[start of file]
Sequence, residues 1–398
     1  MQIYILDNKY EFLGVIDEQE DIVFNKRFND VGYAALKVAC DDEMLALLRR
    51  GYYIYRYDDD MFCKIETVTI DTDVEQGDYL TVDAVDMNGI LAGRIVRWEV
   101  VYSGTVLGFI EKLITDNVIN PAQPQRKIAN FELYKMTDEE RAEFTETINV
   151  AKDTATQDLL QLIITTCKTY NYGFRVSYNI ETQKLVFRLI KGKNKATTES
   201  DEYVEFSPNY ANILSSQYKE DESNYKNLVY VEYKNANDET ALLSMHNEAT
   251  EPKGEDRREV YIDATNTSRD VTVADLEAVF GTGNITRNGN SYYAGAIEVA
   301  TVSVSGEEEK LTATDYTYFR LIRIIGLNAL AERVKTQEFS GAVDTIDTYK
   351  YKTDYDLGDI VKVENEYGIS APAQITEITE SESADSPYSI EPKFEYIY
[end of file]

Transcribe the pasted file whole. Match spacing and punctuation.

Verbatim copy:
Sequence, residues 1–398
     1  MQIYILDNKY EFLGVIDEQE DIVFNKRFND VGYAALKVAC DDEMLALLRR
    51  GYYIYRYDDD MFCKIETVTI DTDVEQGDYL TVDAVDMNGI LAGRIVRWEV
   101  VYSGTVLGFI EKLITDNVIN PAQPQRKIAN FELYKMTDEE RAEFTETINV
   151  AKDTATQDLL QLIITTCKTY NYGFRVSYNI ETQKLVFRLI KGKNKATTES
   201  DEYVEFSPNY ANILSSQYKE DESNYKNLVY VEYKNANDET ALLSMHNEAT
   251  EPKGEDRREV YIDATNTSRD VTVADLEAVF GTGNITRNGN SYYAGAIEVA
   301  TVSVSGEEEK LTATDYTYFR LIRIIGLNAL AERVKTQEFS GAVDTIDTYK
   351  YKTDYDLGDI VKVENEYGIS APAQITEITE SESADSPYSI EPKFEYIY